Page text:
Illinois Terminal locomotive 1578, painted red, white and blue, pulls the first victory special of former El cars on November 30, 1942. The tangerine painted cars were reconditioned at the shops of American Car and Foundry in St. Charles, MO. Bench seating was installed along each side of the car and down the center, giving each car an 80-passenger capacity. Railway Age, December 19, 1942, p1014.
The two cars pictured at Pine Bluff and DeValls Bluff were among a group of 28 sold to the Pine Bluff Arsenal, an Army Chemical Corps facility which had been activated in November 1941. The mission of the arsenal was to manufacture incendiary grenades and bombs for service during World War II; this mission later expanded to include the manufacture, loading and storage of war gases. During the war, 10,000 civilians and 350 military personnel were employed at the facility. In size, the arsenal grew to occupy over 900 buildings, with 43 miles of road and 14 miles of track.
The arsenal was adjacent and east of the Missouri Pacific mainline extending between Pine Bluff and Little Rock. In January 1942, the Cotton Belt requested Interstate Commerce Commission permission to construct a 4.5 mile branch from their mainline in Pine Bluff, northwestward to the southern border of the arsenal and to Baldwin, a joint station with Missouri Pacific. The Cotton Belt petition to the ICC indicated that Cotton Belt would also operate 1.5 miles of trackage within the arsenal itself. For much of the 4.5 mile route, this new line paralleled the MP line a slight distance to the east.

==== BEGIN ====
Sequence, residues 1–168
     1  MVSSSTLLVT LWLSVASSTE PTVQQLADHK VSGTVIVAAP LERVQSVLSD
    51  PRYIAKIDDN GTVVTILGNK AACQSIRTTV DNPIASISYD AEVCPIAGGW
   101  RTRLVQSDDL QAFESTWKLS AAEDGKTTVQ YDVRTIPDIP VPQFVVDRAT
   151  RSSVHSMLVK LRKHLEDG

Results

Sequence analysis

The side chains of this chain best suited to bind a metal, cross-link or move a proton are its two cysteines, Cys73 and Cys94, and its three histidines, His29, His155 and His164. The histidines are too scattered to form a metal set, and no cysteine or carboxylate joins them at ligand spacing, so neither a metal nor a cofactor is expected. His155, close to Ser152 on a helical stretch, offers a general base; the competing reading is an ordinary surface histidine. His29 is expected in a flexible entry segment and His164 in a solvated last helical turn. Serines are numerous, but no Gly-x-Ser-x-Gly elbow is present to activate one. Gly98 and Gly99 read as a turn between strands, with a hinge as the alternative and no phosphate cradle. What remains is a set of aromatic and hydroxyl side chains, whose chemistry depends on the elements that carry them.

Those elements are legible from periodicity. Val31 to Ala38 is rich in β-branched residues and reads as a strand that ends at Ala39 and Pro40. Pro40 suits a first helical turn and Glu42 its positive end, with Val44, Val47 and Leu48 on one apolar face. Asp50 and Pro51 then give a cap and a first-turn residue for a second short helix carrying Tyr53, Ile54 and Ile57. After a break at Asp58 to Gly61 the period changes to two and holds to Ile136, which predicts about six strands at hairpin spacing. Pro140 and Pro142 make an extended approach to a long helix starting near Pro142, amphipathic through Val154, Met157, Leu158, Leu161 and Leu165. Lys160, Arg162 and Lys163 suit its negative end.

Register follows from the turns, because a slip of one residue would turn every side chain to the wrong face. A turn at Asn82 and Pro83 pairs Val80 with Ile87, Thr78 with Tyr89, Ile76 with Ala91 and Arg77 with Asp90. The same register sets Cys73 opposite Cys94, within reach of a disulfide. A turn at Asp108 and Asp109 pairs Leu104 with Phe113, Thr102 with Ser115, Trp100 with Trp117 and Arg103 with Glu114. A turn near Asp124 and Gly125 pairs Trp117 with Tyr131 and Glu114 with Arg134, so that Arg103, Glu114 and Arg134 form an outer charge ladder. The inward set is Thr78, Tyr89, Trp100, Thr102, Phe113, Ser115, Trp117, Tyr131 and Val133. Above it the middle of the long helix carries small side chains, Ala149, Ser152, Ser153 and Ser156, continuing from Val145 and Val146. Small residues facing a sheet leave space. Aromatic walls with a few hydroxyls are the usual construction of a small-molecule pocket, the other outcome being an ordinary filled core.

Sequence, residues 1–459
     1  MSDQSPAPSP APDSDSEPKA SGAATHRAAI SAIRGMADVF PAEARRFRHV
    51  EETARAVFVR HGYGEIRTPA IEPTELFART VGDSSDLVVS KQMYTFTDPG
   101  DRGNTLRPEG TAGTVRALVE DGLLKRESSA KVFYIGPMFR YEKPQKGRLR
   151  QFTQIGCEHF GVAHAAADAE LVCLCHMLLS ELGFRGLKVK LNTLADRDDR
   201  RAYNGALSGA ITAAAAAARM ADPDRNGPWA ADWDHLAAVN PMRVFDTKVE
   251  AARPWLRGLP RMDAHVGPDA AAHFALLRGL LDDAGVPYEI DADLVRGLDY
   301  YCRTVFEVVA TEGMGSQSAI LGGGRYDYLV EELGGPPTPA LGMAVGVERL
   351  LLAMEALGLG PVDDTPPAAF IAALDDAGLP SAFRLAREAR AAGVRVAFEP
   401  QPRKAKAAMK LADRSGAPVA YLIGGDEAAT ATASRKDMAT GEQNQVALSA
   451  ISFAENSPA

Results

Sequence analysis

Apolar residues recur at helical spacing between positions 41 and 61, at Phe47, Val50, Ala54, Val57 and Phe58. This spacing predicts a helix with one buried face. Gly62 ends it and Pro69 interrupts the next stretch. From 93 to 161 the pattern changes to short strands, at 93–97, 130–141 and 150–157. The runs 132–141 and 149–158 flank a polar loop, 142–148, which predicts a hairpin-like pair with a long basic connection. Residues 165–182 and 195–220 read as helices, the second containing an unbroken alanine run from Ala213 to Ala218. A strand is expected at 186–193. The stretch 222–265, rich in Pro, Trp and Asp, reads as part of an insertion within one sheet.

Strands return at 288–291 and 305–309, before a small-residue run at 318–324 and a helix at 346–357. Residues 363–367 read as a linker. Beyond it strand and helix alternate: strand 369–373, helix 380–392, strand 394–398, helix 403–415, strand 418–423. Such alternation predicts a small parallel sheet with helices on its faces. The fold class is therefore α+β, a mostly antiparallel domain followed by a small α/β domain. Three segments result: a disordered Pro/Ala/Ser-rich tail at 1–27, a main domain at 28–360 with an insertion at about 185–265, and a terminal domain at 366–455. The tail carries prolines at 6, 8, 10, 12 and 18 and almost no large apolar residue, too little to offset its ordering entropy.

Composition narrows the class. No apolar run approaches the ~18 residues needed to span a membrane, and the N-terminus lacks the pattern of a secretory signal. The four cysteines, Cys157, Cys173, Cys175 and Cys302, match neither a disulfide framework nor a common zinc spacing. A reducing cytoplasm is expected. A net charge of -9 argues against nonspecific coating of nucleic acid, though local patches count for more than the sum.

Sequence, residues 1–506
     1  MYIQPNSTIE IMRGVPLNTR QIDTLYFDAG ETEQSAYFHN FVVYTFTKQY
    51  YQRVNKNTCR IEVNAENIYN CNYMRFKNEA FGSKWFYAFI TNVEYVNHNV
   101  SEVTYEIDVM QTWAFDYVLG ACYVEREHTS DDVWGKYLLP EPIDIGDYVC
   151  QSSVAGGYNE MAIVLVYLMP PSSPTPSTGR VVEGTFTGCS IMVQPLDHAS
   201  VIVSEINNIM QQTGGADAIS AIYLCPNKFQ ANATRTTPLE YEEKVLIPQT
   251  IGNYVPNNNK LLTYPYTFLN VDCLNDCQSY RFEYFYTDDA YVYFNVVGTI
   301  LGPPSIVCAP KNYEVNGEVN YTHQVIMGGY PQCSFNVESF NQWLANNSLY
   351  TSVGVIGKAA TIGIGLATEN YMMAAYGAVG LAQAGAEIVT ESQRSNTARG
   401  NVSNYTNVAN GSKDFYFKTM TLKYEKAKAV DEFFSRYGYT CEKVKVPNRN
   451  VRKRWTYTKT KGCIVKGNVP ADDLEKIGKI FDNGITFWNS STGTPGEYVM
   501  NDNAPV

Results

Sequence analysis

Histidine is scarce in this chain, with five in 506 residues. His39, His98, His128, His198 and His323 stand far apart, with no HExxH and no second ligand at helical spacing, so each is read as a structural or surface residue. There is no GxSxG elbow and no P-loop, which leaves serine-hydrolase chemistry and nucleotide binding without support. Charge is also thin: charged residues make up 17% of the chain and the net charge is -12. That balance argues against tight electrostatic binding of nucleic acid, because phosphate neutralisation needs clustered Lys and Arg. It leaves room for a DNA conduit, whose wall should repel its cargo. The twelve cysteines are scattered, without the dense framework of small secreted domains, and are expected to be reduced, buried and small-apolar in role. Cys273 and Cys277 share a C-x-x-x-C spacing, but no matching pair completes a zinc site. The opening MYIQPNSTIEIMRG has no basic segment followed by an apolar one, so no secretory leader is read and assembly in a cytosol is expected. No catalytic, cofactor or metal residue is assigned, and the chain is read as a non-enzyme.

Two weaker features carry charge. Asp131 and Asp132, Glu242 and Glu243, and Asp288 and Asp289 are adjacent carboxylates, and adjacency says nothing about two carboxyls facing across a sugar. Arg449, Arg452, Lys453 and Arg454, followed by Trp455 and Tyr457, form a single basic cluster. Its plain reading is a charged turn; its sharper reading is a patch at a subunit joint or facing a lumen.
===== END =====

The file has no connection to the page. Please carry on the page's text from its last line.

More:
The cars purchased for use by the Pine Bluff arsenal were apparently intended to become a part of an employee shuttle train operating along the new Cotton Belt arsenal branch from approximately 3rd & Mulberry (a few block west of downtown Pine Bluff) to the arsenal. It is uncertain whether the shuttle trains ever actually operated; the shuttle proposal called for over 50 passenger cars, but the program ended before additional cars were delivered. The logistics of getting employees between their homes and the Pine Bluff end of the branch perhaps made shuttle operation impractical for a run of less than 5 miles. The actual use of these cars at the arsenal will thus require additional research. In any event, after World War II, some carbodies were sold for other uses, and at least one survived into the mid-1970s.
Car 572 was originally built by Pullman in July 1878 as Metropolitan Railway trailer car #72, later becoming Manhattan Railway #572 and and finally owned by IRT (Interborough Rapid Transit). When built, the cars were hauled by small 0-4-4T Forney steam locomotives, and were eventually equipped with vacuum brakes. When the Manhattan El was electrified in 1902-1903, these trailers wer equipped with electric lights, air brakes, and control trainline circuits to work between motorized cars. This car was sold to the US Army-Pine Bluff Arsenal on July 6, 1942. A photograph of sister car 571 appears below.
For additional historical coverage of New York's subway and elevated rapid transit systems, visit NYCSubway.org.
Can you provide additional information about the use of these cars in Arkansas during and after World War II? Did any of the other 26 Manhattan El cars transition to civilian use in Arkansas after the war? If you have photos or information about these cars that you would like to submit for this page, please use the contact email on the home page.